When Lee Hayes, Dick Stack and John Dwyer called some 75 U.S. investors -– institutional accounts that include mutual funds and insurers –- early this year they were pleasantly surprised. All of these market players were ready to do business with their little-known brokerage firm, Northeast Securities, which just started its big push into fixed income.

“They are covered by a lot of people but covered by few,” meaning that investors were not able to readily find a market for securities they held, said Hayes, a longtime veteran of the bond market who spent 13 years in institutional sales at Salomon Brothers and, later, rebuilt Lehman Brothers’ municipal bond business for Dick Fuld.

The positive response from these investors means small firms like Northeast may have a shot at making inroads to a market that has in recent decades been dominated by bulge-bracket firms. Much of that is because the bulge brackets and many commercial banks simply cannot use their balance sheets and take on massive inventories of bonds. So, they are not as readily making markets in a wide range of debt securities.


“There was a monumental destruction of Wall Street’s infrastructure as we have come to know it over the last several decades,” says Robert Bonelli, president of New York-based Northeast, who sees this as a “once-in-a-lifetime opportunity” to bring in seasoned professionals. “The future of Wall Street is its past,” Bonelli said, referring to the re-emergence of smaller firms that are partnerships of dealmakers. “You have talent — and I am not ashamed to say this — that would not have tripped over Northeast in the past that are now actually part of us.”


Northeast's roots are in equities. The firm opened its doors in 1989 and was largely a broker for stocks. It was, as Bonnelli recalls, a single-office retail brokerage firm and was run that way until 2001. The firm added to its retail brokerage business, built its presence among institutional investors, and added investment banking and asset management. “The roots of the firm were primarily retail brokerage. Primarily equity trades. Some fixed income, but retail, totally retail,” said Bonelli.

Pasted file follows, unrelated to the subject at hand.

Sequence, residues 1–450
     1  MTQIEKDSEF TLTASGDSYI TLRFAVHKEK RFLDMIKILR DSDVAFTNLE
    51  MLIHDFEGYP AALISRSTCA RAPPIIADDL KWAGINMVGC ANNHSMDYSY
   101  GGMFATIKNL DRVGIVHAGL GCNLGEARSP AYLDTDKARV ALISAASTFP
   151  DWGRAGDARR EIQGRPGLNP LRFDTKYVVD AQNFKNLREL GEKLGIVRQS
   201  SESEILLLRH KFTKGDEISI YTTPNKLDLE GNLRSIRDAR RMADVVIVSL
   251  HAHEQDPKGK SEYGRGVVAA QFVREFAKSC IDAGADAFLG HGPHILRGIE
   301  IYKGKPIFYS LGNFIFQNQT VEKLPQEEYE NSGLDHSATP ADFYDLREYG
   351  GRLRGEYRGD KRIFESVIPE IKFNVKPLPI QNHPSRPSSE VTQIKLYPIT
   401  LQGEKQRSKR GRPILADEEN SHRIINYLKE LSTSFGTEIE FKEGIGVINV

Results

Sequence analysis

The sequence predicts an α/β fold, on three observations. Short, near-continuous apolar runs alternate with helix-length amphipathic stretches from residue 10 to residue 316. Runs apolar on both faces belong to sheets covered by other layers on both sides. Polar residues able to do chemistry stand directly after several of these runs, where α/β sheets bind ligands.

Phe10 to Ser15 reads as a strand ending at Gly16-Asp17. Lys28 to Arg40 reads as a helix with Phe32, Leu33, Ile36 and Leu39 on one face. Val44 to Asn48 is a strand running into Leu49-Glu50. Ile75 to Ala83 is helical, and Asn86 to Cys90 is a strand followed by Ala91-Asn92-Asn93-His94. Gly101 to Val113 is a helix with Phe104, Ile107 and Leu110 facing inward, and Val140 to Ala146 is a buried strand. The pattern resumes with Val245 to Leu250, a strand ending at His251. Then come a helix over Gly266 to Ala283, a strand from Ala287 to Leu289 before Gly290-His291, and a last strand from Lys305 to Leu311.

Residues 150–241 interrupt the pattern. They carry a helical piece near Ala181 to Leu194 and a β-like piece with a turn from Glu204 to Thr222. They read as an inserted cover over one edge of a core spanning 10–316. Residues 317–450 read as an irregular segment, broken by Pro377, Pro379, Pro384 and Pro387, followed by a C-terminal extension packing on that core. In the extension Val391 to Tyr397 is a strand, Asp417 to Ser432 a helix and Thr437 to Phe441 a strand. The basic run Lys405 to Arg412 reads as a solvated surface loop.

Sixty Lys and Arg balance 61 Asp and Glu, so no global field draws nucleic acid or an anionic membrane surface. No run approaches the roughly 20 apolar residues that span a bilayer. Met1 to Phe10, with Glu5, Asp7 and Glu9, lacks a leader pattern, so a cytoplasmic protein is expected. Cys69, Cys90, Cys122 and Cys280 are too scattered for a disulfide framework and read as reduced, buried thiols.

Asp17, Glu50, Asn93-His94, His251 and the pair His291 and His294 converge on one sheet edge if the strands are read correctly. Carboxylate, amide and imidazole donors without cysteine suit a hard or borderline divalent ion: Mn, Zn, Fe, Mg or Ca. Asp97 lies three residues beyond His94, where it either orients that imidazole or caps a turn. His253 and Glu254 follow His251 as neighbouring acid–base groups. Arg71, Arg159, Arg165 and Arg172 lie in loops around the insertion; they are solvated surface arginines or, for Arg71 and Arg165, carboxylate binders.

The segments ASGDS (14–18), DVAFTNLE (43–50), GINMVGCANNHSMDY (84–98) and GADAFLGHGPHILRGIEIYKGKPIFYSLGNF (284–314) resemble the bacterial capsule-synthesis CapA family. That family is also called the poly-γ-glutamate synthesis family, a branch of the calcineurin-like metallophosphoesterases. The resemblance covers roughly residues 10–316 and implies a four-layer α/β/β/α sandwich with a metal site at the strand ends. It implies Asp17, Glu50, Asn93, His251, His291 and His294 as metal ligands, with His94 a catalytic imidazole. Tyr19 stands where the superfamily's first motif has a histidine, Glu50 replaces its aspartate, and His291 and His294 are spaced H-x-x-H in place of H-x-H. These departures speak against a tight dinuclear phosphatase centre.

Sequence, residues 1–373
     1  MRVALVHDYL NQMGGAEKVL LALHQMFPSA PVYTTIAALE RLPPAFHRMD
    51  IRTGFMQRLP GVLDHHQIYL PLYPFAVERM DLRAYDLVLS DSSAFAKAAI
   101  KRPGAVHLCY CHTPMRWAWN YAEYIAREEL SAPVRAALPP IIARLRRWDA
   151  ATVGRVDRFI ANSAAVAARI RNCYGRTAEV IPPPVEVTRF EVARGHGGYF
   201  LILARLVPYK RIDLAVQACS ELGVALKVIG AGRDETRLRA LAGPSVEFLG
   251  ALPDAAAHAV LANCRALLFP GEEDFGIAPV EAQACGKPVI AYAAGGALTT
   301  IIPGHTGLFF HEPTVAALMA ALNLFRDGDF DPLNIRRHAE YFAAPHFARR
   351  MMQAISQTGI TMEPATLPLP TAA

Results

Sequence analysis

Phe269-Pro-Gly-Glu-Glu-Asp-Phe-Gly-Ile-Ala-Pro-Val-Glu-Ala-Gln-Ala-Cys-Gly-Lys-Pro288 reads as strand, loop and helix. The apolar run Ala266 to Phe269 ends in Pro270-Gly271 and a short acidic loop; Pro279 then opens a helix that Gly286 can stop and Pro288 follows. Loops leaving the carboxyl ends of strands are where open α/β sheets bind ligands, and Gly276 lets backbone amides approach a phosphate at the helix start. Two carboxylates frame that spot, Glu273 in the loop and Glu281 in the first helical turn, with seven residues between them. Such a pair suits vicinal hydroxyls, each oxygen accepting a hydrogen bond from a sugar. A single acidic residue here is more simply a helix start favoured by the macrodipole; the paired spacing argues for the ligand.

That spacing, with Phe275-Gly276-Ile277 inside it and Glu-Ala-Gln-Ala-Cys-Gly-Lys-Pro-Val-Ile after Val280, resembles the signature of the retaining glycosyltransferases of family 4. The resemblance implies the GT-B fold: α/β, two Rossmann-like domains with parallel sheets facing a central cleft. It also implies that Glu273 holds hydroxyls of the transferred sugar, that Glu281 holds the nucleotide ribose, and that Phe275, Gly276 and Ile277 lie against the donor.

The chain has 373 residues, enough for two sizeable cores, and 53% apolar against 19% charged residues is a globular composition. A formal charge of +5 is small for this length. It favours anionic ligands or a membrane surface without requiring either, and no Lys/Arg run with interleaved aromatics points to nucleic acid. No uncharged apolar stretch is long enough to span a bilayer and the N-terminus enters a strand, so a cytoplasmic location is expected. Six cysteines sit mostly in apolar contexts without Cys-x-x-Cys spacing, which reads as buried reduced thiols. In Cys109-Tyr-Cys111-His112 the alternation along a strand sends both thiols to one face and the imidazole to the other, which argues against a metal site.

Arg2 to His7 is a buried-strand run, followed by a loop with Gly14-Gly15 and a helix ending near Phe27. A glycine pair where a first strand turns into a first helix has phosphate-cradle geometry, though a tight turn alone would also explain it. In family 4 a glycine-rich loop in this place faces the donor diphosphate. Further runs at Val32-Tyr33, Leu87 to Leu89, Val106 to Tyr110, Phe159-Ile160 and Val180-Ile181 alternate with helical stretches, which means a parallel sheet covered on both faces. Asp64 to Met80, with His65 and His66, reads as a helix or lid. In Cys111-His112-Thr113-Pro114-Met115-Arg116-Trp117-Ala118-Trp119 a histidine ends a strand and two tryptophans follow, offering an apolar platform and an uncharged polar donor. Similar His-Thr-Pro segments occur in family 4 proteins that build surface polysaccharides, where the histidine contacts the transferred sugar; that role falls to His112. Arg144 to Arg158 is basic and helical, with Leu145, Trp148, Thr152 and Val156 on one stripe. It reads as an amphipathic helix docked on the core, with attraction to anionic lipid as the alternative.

Now though, it has brought on professionals — each with decades of experience — to build a presence in fixed income, specifically municipal bonds, corporate debt and mortgage debt.
Northeast is working with The Saxon Group, a New York-based recruitment firm, to build up its fixed income team.


Specifically, the company wants to bring on five salesmen for its muni business and then it will bring on 10 public finance bankers. Hayes and Dwyer, also an old hand in the muni business who previously worked at Lehman and Dillon Read, as well as Stack (formerly with Lehman, where he was a muni trader and ran the firm’s prop desk from 2003 to 2008), are heading the expansion of the muni effort.

Last week, Northeast hired Kurt van Kuller as a salesman for its municipal team. Previously, Kuller was at Merrill Lynch, where he built and managed its muni research.

At the same time, Northeast wants to hire three corporate bond traders specializing in high-grade debt and two mortgage bond traders. The firm’s wish list includes 10 sales professionals to handle corporate debt and six salesmen to cover mortgage bonds. This taxable fixed income side of the business is being built out by James Cahill, who has previously been a bond salesman with Salomon and Lehman. Most recently, he was involved with building up the fixed income business at KBW.

Much of the firm’s business today is oriented to retail. Its president estimates that 65% of the brokers business is with retail clients and 35% is institutional. He hopes to change that by next year. “By the end of 2010 I would see us being 70% institutional and 30% retail,” says Bonnelli.
Interestingly, some Northeast clients may be surprised by what Cahill, Hayes and Dwyer have in mind. As they see it, the relationship between institutional investors and dealer firms making markets has become adversarial over the last decade.

In making markets for large institutions like pension funds and state funds, Cahill and others at Northeast hope to “help investors understand the value of their securities” and if Northeast gets a better-than-expected price for a bond some of the profit will be passed on to investors. “At Salomon we were trained that if you make too much money, you give some back” to the investor, says Cahill. “When a customer assigns us to sell a bond if we get a better price than we indicated we’ll pass some back.”

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